Public health officials warn of increased use of nicotine-based products among teens

The CDC is calling the increase an epidemic among school-aged children

Posted: Nov 26, 2018 4:16 PM
Updated: Nov 27, 2018 6:35 AM

FORT WAYNE, Ind. (FOX 55) - The most recent National Youth Tobacco Survey from the Center for Disease Control reveals that tobacco use among high schoolers has increased to over 27% in 20518 with over 7% of middle schoolers using tobacco products, which include e-cigarettes.

Now health officials are making sure area teens make healthier choices. Local public health officials met today at McMillan Health Center to discuss how to help fight the battle.

Dr. Tony GiaQuinta, President of the Indiana American Academy of Pediatrics, said "we’re seeing a whole new challenge, a new epidemic."

Epidemic is how the CDC and other health officials around the country have described the increase in use of nicotine-based products among teens.

The CDC shows use of e-cigarettes has increased 78% from last year among high schoolers and 48% among middle school students.

The use of nicotine has been scientifically proven to be harmful, especially to younger people.

Dr. GiaQuinta explained "the brain does not stop developing until it’s about 25 years old and the plasticity of the brain, the ability of the brain to mold, continues to evolve over those first 25 years. Nicotine is harmful for that development."

This means that if you use nicotine while younger, your attention span will decrease as will your ability to make good decisions as you get older.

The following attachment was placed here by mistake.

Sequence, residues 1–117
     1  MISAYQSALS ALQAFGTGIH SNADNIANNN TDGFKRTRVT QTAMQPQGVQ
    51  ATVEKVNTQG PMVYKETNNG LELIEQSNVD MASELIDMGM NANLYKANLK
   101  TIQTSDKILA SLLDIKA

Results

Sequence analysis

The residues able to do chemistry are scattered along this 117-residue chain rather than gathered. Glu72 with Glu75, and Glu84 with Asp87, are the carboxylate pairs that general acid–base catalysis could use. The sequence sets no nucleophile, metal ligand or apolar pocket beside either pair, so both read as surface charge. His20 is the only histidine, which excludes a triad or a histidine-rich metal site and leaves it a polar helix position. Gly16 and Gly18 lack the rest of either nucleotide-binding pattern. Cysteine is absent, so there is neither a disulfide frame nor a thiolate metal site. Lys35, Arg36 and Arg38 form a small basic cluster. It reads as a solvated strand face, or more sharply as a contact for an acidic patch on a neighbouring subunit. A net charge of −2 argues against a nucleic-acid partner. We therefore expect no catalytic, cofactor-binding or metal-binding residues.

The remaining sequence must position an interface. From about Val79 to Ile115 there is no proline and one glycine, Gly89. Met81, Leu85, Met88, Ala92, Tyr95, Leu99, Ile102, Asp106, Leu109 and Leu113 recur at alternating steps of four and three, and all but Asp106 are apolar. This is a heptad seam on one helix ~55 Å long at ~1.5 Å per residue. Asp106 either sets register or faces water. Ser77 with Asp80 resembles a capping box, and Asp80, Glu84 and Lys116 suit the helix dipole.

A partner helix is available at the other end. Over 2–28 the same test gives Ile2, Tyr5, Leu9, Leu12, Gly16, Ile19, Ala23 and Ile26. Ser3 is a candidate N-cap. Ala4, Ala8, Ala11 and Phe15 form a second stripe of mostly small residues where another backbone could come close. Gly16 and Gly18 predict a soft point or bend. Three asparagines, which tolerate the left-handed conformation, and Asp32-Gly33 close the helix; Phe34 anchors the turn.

Mcmillan Health CEO Holli Seabury says public health officials have done well to lower traditional tobacco use among teens to historic lows, but the game has changed with introduction of e-cigarettes.

"Cigarette companies aren’t allowed to advertise cigarettes anymore, but along come the e-cigarettes and they don’t have those restrictions and they advertise like crazy and a lot of it is aimed towards other young people," said Seabury.

And you wouldn’t be to blame if you didn’t recognize some of the nicotine-based products because they look like normal food and drinks.

Nancy Cripe of Tobacco Free Allen County says parents need to pay very close attention to what their child has because the devices are now concealable and smell free, and cripe believes e-cigarettes should be restricted even further for children’s safety.

Cripe said "we need to do away with their access to these products. Make it much more difficult for them to walk into a gas station and purchase them or get a friend to walk into a gas station to purchase them. They should be much less widely available and i think that we need to do away with all the flavors."

But one of the most important tools is the message put out by parents at home according to Seabury.

She said, "parents have a lot of control over this and by opening the conversation and being a source of information and support for your child, we can turn this epidemic around."

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